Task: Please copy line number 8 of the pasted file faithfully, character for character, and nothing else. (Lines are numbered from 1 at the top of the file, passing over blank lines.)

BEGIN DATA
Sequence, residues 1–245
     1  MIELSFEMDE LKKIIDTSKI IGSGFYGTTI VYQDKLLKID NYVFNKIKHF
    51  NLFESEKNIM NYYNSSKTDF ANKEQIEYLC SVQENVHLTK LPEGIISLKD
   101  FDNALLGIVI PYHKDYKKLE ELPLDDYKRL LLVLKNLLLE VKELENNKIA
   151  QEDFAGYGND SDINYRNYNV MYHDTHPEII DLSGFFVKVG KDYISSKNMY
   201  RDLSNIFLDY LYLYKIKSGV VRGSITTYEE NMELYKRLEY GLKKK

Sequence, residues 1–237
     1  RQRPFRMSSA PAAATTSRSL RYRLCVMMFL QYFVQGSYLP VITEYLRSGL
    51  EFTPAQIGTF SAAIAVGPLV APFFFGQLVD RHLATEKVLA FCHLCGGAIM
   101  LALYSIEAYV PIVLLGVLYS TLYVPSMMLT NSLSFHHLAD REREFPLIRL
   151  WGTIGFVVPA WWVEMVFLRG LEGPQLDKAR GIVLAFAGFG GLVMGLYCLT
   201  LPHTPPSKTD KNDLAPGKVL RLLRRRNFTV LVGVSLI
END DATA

     1  RQRPFRMSSA PAAATTSRSL RYRLCVMMFL QYFVQGSYLP VITEYLRSGL